Kusmari Rendrabwana


I was born and brought up into a devoted catholic family. My father comes from a family whose members mostly turned out to become priests and priestesses, while my mother still has a certain aristocratic blood in her family. My parents were blessed with five children, of which I am the only male and the youngest one. I never had anyone of them to play with since I was a child because of the quite significant difference in age, they were always occupied with their school tasks whenever I needed someone to play with. As it turned out to be, I got used to spending my time with the maidservant and when I was bored, I simply went out to play. For that reason I was used to make friends with people outside of my family, people in my neighborhood who were mostly muslims.

In my family, everything that has a "muslim taste" in it was usually considered inappropriate. So every thursday when the time was for the recitation of the Qur'an (we only had TVRI, the government's station back then) the TV set was immediately turned off, that's how my family was like. When I got to school age, naturally my parents chose a catholic institution, as with all my sisters. Even so, I alwasy found it easier to be friends mostlye with people who were muslim.


Perhaps it was because of my negative childhood image, that when I grew up to be a teen-ager my family always thought of me as being this troublesome kid. In other words, to them I was always the one to blame for everything, anything good that I did was practically nothing to them. Hence, I always tried to look up for answers of my problems through sources outside of my family. My academic records were also nothing special except for English language.

And so I started to contemplate with questions that I had in my high school year, I asked and kept asking, I read many books and literature, trying to explore everything about my faith then. But as it goes, the more I gained something, the more I felt that, "This isn't it, this is not what I want." What's worse is that the more I involved myself with religious activities, the more I went further from what I expected, which put me down more and more. What I always found in there was nothing but negative views on somebody else's faith. Whenever I tried to give in another view, they put me down saying that I'm taking sides, I'm giving too much of a value judgement, so on and so forth.

Eventually I became more distanced from them, but interestingly (and this is what had always happenned) I felt myself drawn closer and closer with my muslim friends, they seemed to accept me without any sort of tendency to judge. They knew I didn't share their faith but most of them didn't seem to mind or be disturbed by it whatsoever.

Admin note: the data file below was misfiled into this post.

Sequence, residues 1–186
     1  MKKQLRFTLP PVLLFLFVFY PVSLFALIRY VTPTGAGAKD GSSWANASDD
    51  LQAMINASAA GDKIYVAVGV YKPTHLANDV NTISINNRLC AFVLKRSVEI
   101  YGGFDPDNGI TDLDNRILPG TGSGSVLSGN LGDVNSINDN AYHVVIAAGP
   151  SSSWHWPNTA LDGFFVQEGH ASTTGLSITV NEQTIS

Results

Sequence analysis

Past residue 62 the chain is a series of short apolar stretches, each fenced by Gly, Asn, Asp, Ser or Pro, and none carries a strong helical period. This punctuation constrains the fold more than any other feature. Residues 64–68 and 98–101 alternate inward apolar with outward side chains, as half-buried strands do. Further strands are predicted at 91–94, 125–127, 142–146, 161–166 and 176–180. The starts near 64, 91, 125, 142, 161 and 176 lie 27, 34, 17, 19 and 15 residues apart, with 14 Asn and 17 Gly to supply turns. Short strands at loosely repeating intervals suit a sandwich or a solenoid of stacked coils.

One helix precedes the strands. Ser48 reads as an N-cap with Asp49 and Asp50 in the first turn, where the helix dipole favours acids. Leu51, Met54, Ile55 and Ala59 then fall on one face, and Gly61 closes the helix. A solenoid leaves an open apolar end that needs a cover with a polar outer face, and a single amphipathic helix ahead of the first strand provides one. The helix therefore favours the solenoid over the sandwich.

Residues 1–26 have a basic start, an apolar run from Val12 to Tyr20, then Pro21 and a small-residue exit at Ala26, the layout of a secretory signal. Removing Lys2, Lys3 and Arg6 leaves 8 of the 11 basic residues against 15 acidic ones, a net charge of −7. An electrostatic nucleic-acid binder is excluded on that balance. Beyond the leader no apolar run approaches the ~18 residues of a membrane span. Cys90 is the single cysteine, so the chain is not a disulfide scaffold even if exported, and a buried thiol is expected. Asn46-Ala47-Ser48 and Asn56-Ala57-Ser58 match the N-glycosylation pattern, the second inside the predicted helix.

My adulthood started when I entered college. I enrolled in a private college whose students were predominantly muslims. Even so, I still tried to involve myself in religious activities with students of the same faith. In that community, the old conflicting trauma appeared afresh, even worse. Eventually I lost my interest in it. As a college student, I felt more comfortable in my soul searching process. Naturally, I had more access to many references, times and places of interest, because I never felt home with my relatives, even with my sisters. And so I went on with my life as usual, until this deep spiritual experience happened. This is the story:

One morning, I don't remember the date, but it was in 1993. I was abruptly awoke from sleep and just quickly sat down. Then unconsciously went up and washed my face, hands and feet, then got back sitting with my legs crossed. Exactly then the call to fajr prayer started..but very differently. I listened to it with an indescribable feeling and emotion, was touching me so deeply, in short. I myself never could explain what really happened that morning, but so it did. Ever since then I looked for answers and learned with a practicing muslim friend, read books, started everything from scratch.

The first obstacle for me naturally came from my family, especially my mother. I became uncertain again, this is the most difficult choice in my entire life. And so months I spent trying to think over my intention to become a muslim. I felt that I had to make a choice. And of course I chose to become a muslim eventually.

In early 1994 I declared my shahadah after finishing the maghrib (evening) prayer in jama'ah (congregation). It was really emotional, friends from my faculty in college even made me work out a written statement with them as witnesses, how touchy it was.

In short, I've lived my life as a new person ever since then. After finishing my school, I started working. Even though my relationship with my family is falling apart, I try to pull everything together and be strong as to endure the hardships.

My new life was again put to a test when I was going to marry. Because I'm considered an apostate in my family's view, I had to do everything by myself, the proposal, etc., everything. No wedding reception or any of that sort, just the obligatory ones.

And then when my mother died, unfortunately I didn't get to see her for the last time. Her wish, which of course I cannot comply to, was for me to return to my old faith.

Wassalaamu 'alaikum wrahmatullahi wabarakatuhu,